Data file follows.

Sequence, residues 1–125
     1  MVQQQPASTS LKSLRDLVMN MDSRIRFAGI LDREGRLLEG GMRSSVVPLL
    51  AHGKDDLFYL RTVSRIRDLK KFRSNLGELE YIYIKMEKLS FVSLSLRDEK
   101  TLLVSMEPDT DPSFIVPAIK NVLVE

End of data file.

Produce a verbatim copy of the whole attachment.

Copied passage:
Sequence, residues 1–125
     1  MVQQQPASTS LKSLRDLVMN MDSRIRFAGI LDREGRLLEG GMRSSVVPLL
    51  AHGKDDLFYL RTVSRIRDLK KFRSNLGELE YIYIKMEKLS FVSLSLRDEK
   101  TLLVSMEPDT DPSFIVPAIK NVLVE